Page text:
Encouraging performance monitoring promotes proactive control in children

Lauren Hadley, Frantzy Acluche, Nicolas Chevalier

Research output: Contribution to journalArticlepeer-review


Monitoring progression towards one’s goals is essential for efficient cognitive control.Immature performance monitoring may contribute to suboptimal cognitive control engagement in childhood, potentially explaining why children engage control reactively even when proactive control would be more effective. The present study investigated whether encouraging children to actively monitor their performance results in more mature control engagement. EEG data were collected while children and adults performed a flanker task in three conditions in which they were provided no feedback, standard feedback, or were asked to estimate their own feedback. Both age groups accurately estimated their own feedback.Critically, feedback estimation promoted online performance monitoring and proactive engagement of attention and inhibition during the flanker period in children. These findings indicate that proactive control engagement in childhood can be effectively supported by encouraging performance monitoring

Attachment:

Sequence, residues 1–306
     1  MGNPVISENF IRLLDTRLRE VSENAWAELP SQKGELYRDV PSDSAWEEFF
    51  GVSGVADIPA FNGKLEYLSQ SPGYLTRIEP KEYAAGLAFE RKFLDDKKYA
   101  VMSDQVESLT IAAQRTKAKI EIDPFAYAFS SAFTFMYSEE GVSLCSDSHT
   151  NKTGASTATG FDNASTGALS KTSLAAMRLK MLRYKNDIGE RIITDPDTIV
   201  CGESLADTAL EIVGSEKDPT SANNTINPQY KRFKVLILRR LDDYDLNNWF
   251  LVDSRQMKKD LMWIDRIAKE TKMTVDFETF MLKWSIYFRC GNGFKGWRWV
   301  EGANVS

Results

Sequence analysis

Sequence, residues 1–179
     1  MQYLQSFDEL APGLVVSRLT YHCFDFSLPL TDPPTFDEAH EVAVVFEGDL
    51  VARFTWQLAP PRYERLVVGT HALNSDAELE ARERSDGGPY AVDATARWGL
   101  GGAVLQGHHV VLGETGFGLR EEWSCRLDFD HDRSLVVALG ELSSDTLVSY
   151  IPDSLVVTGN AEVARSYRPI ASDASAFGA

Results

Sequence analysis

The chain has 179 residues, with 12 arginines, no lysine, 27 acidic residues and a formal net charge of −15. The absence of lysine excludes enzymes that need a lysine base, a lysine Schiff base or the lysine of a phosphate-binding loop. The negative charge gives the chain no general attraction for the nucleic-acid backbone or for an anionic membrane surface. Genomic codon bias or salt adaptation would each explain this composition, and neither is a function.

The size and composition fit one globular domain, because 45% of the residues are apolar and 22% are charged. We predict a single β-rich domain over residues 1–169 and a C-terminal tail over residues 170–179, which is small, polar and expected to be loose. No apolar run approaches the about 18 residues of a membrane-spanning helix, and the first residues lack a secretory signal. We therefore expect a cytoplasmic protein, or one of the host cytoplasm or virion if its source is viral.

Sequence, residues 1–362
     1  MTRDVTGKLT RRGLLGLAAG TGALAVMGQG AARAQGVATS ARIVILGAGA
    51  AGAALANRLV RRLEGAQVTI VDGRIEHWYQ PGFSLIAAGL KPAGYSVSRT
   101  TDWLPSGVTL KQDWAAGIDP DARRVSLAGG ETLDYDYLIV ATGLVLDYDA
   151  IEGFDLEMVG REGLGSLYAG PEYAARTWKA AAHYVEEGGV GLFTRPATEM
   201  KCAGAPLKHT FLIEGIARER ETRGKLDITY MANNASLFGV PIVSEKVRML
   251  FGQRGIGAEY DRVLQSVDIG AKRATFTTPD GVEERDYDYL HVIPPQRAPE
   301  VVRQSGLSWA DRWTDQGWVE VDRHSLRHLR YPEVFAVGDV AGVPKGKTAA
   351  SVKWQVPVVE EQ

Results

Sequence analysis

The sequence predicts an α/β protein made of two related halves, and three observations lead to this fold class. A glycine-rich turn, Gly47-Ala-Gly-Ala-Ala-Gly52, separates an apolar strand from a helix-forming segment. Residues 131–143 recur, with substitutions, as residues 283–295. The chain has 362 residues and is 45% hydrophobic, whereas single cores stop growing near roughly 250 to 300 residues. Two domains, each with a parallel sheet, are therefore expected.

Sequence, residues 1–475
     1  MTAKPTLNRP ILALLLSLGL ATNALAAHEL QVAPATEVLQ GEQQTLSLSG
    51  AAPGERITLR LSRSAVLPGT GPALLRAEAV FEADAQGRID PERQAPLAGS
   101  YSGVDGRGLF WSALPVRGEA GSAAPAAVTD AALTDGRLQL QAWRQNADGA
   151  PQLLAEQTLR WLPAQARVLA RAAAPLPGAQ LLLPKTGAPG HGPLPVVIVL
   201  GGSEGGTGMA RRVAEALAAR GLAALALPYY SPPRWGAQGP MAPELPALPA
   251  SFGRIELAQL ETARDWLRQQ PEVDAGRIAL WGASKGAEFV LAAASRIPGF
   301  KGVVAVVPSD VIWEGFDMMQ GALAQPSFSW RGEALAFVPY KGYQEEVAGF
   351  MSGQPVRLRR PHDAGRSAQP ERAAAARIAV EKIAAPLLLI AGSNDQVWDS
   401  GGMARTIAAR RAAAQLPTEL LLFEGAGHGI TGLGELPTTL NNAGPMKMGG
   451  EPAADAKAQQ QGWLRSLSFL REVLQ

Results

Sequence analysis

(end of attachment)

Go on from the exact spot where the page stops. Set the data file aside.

Original languageEnglish
Article numbere12861
JournalDevelopmental Science
Early online date14 Jun 2019
Publication statusE-pub ahead of print - 14 Jun 2019


  • cognitive control
  • performance monitoring,
  • children
  • inhibition
  • proactive control
  • event-related potentials

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